From LAM to PAP, learn the acronyms and the codes.
You may know the asthma and COPD diagnosis codes by heart, but that doesn’t mean you’re just as much of an ace with diagnoses that your pulmonologist sees less frequently. Get a handle on how to code these three rare lung disorders with a few quick tips.
1. Look for Confirmation When Coding LAM
Pulmonologists are increasingly seeing patients for LAM – an acronym for lymphangioleiomyomatosis, a condition that occurs mainly in women of child-bearing age and can lead to lung destruction and other serious symptoms. In most cases, patients don’t know they have LAM until they experience pneumothorax, or a collapsed lung. When patients present with LAM symptoms but the pulmonologist hasn’t yet diagnosed the condition, you should select the appropriate code from the documented symptoms, which may include the following, among others:
If, however, the pulmonologist definitively diagnoses the patient with LAM, you’ll instead bill the claim using J84.81 (Lymphangioleiomyomatosis), which is the sole diagnosis code in ICD-10 that describes the condition.
2. Goodpasture Syndrome Falls Under Rheumatology Codes
Pulmonologists are frequently called to diagnose and evaluate Goodpasture Syndrome, an autoimmune disorder that causes bleeding in the lungs and kidney failure, and is sometimes fatal if the lungs don’t recover from the disease’s acute phase.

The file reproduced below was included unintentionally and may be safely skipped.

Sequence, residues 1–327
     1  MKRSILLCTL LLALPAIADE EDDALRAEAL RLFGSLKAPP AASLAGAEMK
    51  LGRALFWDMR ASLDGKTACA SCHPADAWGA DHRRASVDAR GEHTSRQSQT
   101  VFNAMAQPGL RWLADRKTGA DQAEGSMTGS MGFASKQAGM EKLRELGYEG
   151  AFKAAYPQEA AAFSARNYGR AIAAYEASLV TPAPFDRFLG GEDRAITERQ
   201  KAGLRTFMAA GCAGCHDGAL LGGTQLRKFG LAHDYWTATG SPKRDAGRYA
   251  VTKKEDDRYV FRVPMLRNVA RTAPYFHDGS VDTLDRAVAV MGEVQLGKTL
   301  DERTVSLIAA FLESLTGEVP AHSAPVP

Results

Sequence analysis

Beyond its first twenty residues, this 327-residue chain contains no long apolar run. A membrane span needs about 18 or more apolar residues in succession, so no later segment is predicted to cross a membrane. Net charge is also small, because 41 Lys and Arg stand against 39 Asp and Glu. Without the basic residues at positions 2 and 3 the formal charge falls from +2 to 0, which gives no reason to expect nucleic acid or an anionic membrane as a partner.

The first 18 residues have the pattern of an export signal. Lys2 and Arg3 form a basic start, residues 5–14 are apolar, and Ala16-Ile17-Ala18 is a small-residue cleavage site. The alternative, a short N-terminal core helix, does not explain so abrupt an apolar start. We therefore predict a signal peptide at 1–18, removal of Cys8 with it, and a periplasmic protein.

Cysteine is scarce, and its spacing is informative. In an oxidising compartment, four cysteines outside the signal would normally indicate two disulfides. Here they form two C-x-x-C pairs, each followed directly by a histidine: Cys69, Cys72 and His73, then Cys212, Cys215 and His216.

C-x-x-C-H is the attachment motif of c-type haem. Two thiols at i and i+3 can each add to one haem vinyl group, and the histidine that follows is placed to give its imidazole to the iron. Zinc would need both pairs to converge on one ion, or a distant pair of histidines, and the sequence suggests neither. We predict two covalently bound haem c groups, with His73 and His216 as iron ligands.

If the pulmonologist is involved before the Goodpasture Syndrome diagnosis is made, you’ll code the symptoms he treats, which can include R04.89 (Hemorrhage from other sites in respiratory passages), R07.89 (Other chest pain), R05 (Cough), R04.2 (Hemoptysis), and N18.9 (Chronic kidney disease, unspecified).
Once the patient is formally diagnosed with Goodpasture Syndrome, you’ll report M31.0 (Hypersensitvitiy angiitis [Goodpasture’s syndrome]), which is located in ICD10’s “Diseases of the Musculoskeletal System and Connective Tissue” section.
3. See J84 Section for Alveolar Proteinosis
Patients with pulmonary alveolar proteinosis, often notated by physicians as “PAP,” find it difficult to take oxygen from the air and exchange carbon dioxide from the blood due to a buildup of proteins and lipids in the patients’ air sacs.
When patients present with this condition, they’ll often complain of shortness of breath (R06.02), dyspnea (R06.00), or a cough (R05). You should code these symptoms if the physician hasn’t yet diagnosed the patient with PAP.
Although your pulmonologist is likely to document whether the patient has primary or secondary alveolar proteinosis, ICD-10 includes just one code to describe this condition once the physician makes a diagnosis. Therefore, you’ll report J84.01 (Alveolar proteinosis) for both primary or secondary presentations. However, in cases of secondary alveolar proteinosis, you’ll also report the cause, such as a lung infection or inhalations of dust such as aluminum using the appropriate ICD-10 codes.